Our series of basic guides to embroidery stitches continues with this look at two nifty little stitches that you can have a lot of fun with…
Hand embroidery is a wonderful skill to learn and master as it is so versatile. It’s as simple as drawing on a piece of fabric then stitching over it. You can use this skill to stitch pictures, embellish items or really personalise a garment.
For this latest instalment in our Embroidery Stitch Library series, we’re going to talk you through two essential stitches to try if you’re starting out today.
- Download our arrows hoop free embroidery template
- Get started with our Beginner’s Guide to Embroidery
- Learn your next stitch in our Stitch Library
Split stitch has a more delicate look than chain stitch – you can use it to create thicker lines or arrows. We’ll show you how and share a few tips to try before you start embroidering your design. Before you begin, download our free template onto your fabric lightly with pencil and stitch over the lines.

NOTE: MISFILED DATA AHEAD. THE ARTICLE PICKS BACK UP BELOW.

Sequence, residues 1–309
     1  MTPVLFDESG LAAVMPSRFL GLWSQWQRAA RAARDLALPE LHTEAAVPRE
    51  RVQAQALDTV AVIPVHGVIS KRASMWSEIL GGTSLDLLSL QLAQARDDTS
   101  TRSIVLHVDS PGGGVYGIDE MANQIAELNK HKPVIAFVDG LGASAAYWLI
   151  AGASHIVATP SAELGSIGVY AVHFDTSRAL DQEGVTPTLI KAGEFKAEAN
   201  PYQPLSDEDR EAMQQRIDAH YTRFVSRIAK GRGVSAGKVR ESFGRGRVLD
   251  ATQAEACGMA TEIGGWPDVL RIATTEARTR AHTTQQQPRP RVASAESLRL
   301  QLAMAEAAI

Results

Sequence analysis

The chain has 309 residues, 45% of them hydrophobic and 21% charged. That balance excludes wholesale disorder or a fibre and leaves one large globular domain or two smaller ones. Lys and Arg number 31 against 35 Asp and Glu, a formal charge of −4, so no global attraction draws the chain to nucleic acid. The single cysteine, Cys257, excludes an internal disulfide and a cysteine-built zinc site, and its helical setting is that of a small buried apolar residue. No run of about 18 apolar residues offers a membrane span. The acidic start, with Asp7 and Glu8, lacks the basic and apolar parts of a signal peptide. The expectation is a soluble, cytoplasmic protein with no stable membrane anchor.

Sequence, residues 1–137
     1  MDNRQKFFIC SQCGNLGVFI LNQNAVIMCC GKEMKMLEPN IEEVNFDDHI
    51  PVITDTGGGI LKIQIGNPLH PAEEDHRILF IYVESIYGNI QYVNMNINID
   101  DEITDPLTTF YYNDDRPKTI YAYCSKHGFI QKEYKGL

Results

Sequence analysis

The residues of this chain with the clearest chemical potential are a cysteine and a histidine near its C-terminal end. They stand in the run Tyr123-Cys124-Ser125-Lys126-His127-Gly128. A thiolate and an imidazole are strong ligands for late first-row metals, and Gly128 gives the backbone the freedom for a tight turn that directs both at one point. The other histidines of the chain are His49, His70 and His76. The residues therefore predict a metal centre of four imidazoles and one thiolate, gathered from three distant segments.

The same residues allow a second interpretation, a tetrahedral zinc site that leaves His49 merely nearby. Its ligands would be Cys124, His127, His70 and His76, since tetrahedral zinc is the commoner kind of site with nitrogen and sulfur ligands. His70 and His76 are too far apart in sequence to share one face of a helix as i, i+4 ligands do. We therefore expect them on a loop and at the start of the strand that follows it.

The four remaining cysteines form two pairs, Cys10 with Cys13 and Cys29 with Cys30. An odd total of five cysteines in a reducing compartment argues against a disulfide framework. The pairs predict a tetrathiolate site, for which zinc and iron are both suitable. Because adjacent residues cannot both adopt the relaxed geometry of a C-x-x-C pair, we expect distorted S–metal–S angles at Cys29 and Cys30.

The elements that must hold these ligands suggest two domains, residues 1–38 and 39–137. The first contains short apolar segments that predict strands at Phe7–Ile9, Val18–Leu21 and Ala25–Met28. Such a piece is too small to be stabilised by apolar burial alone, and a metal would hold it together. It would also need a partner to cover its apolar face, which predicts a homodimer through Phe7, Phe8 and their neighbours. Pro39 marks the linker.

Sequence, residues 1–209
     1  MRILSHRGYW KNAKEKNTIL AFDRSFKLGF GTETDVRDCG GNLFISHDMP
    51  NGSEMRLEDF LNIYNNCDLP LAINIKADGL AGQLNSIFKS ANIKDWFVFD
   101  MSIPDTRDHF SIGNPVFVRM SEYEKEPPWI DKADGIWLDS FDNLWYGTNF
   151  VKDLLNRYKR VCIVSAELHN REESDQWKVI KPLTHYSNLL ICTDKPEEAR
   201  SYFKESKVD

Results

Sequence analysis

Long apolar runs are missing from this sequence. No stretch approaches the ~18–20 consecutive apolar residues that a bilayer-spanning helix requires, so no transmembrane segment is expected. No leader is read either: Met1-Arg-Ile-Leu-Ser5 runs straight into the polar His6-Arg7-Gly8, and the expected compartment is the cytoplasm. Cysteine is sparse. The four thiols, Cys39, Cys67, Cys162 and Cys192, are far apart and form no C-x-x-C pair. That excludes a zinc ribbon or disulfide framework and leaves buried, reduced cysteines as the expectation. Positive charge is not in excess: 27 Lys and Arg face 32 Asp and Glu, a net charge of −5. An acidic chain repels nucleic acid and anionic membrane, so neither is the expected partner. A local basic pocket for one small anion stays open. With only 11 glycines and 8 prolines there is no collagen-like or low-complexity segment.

How to chain stitch
Step one: Bring your needle out just above the traced line at 1. Push the needle back in again at 2 just below the line. Make it as close to where it emerged as possible without going into the same hole. Bring the needle up again at 3, making sure that the thread is lying under the needle.
Step two: Pull the needle through the fabric slowly to form a neat loop – don’t pull too tightly or the chain effect will be lost. Continue stitching from right to left in this way, making sure all the chains are the same size. Vary the number of strands you use for thinner or thicker lines of chain stitch.
How to split stitch
Step one: Make a small straight stitch on the traced line by bringing your needle up at 1 and down at 2. Bring the needle up again at 3 the same distance away from the first stitch as the length of the stitch. This will ensure your stitches are all the same length for a neat and even look .
Step two: Push the point of the needle into the first stitch you made about one quarter of the way from the end. If your thread has just one strand then pierce the centre, but if you have two strands or more than you can push the needle between the strands themselves.